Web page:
The city of Kingston is fortunate to have an abundance of Museums, 24 in total. Murney Tower is Kingston’s oldest operating museum. Construction began in 1846 as a line of defense for the city. The structure is a limestone Martello tower. Martellos are small defensive forts that were built across the British Empire during the 19th century, Only nine Martello towers remain in all of Canada, four of them are located in Kingston.
In 1925 Murney Tower was opened as a public museum by the Kingston HIstorical Society. It is now open during the summer months (May – Labour Day in September). Murney Tower is part of the UNESCO World Heritage Site of the Rideau Canal and Kingston Fortifications.
45 Degrees Latitude was hired to develop an audio walking tour for the Museum – the first of its kind for a Kingston Museum. Working with a detailed script provided by Murney Tower staff, two professional narrators were employed to create high quality audio files in their studio. The audio files were then mixed with royalty-paid music and sound effects at 45 Degrees Latitude to create the finished product.
The audio files are available free of charge on Murney Tower’s website: https://www.murneytower.com/audio-tour in four sections: The Beginning, The Barracks, The Gun Platform and The Basement. Each file can be played on any visitors mobile device or downloaded and played later.
We wish to thank Manager & Curator Simge Erdogan-O’Connor who orchestrated the entire project. We hope the audio tour will be a helpful tool to the continued success of the Museum.
I travel a lot in the US especially when I wish to add to my stock video footage library I sell on Pond5.com. One of the most frustrating things I found was using self-service gas bars and not being able to use my Canadian credit card at the pump because most of the pumps ask for a Zip Code for authorization. Unfortunately the US pumps don’t recognize Canadian postal codes.
In the past I had to go inside the gas bar, wait in line, then pre-pay for gas or they wanted to hold my credit card while I pumped gas- not a good idea. I read a blog post by someone a few months ago on how to bypass the zip code request. I tried it dozens of times and it has never failed.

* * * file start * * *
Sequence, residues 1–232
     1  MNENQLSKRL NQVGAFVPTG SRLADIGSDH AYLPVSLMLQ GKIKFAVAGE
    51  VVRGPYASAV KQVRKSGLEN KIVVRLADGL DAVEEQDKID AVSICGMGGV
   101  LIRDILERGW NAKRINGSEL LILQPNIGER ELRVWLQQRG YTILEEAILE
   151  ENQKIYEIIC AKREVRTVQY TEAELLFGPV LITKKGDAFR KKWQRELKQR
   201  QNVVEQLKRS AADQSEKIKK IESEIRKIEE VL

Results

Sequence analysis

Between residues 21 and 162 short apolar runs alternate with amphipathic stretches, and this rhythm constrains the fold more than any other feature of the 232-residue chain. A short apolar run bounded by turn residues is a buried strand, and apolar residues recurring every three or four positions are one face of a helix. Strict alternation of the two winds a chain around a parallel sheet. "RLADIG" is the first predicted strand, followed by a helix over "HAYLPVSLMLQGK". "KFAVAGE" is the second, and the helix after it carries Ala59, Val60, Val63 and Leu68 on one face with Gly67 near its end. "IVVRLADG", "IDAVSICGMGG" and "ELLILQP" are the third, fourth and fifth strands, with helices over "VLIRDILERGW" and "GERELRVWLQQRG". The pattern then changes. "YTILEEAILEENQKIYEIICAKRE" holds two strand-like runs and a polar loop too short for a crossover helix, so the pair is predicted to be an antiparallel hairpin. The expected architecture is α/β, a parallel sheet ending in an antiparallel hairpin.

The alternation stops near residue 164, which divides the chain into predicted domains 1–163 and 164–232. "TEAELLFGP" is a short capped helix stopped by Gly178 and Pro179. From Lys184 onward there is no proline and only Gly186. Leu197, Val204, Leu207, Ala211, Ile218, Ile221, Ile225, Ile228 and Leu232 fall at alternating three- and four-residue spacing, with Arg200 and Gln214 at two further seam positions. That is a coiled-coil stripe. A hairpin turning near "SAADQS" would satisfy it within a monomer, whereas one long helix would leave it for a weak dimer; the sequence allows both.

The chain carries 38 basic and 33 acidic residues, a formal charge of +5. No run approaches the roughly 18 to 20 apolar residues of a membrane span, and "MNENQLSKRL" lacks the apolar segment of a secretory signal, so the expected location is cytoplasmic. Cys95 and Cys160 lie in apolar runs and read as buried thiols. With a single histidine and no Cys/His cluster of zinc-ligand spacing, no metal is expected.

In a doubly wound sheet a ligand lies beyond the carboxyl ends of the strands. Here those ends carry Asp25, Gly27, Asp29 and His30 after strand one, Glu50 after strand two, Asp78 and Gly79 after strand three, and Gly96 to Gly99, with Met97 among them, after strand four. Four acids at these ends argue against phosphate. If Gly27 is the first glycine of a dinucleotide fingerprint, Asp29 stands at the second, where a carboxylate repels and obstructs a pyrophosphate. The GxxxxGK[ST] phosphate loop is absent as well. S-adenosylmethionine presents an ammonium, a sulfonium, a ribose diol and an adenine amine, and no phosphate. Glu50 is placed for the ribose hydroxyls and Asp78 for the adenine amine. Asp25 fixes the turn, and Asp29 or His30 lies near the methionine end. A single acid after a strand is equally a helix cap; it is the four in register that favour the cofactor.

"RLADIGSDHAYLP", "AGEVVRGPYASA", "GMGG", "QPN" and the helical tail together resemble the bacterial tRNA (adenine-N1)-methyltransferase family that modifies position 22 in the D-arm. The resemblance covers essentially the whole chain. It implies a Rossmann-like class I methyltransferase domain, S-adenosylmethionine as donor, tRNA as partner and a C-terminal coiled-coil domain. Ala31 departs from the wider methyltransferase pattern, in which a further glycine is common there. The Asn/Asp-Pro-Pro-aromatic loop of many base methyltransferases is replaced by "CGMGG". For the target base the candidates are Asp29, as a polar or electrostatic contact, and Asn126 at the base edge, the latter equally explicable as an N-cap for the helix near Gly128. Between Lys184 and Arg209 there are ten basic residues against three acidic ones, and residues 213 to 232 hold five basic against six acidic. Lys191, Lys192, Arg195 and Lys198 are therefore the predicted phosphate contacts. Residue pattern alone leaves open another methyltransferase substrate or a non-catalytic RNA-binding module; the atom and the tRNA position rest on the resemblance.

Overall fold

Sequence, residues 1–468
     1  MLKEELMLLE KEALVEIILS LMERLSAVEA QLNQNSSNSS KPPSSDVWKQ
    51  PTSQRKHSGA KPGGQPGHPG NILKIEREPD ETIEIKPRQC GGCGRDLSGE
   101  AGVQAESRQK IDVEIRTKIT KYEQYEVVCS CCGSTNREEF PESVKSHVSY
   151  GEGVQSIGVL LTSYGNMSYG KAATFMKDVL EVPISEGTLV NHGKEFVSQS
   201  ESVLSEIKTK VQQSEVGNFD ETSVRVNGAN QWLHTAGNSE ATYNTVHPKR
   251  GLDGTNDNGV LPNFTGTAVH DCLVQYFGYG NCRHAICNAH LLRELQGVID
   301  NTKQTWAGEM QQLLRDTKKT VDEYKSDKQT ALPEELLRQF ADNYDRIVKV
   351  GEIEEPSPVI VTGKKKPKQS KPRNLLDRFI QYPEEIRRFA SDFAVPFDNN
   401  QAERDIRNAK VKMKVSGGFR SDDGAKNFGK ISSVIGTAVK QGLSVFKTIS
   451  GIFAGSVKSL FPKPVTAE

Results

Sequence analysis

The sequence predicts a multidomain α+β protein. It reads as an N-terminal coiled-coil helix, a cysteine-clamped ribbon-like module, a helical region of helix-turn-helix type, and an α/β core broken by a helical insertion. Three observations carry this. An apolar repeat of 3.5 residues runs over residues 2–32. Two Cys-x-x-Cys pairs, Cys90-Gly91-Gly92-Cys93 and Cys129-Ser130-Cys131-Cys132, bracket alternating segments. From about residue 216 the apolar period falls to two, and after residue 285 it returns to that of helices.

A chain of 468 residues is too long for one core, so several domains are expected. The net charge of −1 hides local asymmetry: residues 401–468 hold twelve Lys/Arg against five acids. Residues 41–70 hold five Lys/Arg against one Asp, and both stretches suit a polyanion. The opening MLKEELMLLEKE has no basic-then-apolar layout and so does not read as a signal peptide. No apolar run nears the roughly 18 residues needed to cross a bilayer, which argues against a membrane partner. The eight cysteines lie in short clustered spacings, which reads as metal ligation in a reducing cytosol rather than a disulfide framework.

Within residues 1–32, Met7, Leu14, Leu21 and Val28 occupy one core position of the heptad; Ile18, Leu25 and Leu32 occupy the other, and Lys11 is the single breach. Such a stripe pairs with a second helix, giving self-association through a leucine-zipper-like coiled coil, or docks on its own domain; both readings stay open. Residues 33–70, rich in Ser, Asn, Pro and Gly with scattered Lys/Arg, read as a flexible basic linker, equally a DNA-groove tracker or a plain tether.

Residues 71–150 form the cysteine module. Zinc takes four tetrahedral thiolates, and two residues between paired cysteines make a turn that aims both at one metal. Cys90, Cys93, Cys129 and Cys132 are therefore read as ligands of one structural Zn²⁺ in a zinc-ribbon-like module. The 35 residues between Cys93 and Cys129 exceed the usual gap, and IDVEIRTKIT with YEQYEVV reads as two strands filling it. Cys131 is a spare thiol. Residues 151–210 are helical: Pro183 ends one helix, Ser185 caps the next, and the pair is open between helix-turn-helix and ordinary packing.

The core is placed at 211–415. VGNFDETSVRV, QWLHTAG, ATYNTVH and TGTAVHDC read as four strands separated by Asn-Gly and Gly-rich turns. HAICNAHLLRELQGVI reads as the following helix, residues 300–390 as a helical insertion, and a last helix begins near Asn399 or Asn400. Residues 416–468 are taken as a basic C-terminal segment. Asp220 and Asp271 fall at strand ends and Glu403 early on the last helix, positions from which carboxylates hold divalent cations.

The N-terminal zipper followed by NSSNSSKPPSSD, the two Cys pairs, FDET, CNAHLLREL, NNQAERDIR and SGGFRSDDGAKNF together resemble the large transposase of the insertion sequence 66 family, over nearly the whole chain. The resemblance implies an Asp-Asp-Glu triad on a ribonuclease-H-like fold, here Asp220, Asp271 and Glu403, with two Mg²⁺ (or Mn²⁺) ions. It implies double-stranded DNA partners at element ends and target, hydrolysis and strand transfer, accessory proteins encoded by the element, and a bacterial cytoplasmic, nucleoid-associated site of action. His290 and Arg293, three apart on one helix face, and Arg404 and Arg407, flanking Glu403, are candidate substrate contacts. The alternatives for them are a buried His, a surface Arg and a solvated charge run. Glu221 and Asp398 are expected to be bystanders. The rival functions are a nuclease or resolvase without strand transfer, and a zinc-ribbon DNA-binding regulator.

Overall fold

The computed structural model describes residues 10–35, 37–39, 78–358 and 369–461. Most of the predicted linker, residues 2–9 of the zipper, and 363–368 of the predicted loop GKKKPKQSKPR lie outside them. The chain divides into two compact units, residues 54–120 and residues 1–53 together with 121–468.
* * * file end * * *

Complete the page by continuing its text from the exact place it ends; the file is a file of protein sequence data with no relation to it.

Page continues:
Just do this: swipe your card as normal at the pump. When it asks for your zip code, key in the number digits of your postal code followed by zeros to make up 5 digits (there’s 5 digits in a US postal code). For example, my postal code is K0H1K0 so I key in the zero, the one and the last zero. Then I add 2 zeros at the end to make up 5 digits: 01000. Then hit Enter if it requests it. Another example, if your postal code is A2B3C4 you enter 23400 plus two zeros and hit Enter. That’s it!
PS. Credit card companies don’t guarantee this will work in every pump but it’s worth a try.
The Centennial Ridges Trail in Algonquin Park is one of the best trails for sheer numbers of pristine lookouts. Photographers flock here for amazing vistas overlooking lakes and rolling highlands. One of the most popular times is during the fall colour season. Timing of peak colours is best handled by frequently checking the Algonquin Park Fall Colour Report. Usually it’s the first week of October (give or take) depending upon weather and drought conditions.
The Centennial Ridges Trail is a tough trail especially if you are carrying photographic equipment and you are hiking the trail during hours to catch the morning sun or sunset. The entire trail is 10 km and I think it might be the toughest 10 km I’ve ever hiked. The guidebook says allow 6+ hours although my wife and I hiked it 4 hours with frequent photography stops. The guideposts are numbered 1 to 12. Two of the best (and most accessible) lookouts are near the start and near the end of the trail at guideposts 2 and 11. The hike is approximately 1 km to guidepost 2 and 1.5 km to guidepost 11. If time is short and you wish a quality vista shot check these two spots first. If time allows, hike the entire trail. Wear good footwear since often times the rocks are slippery.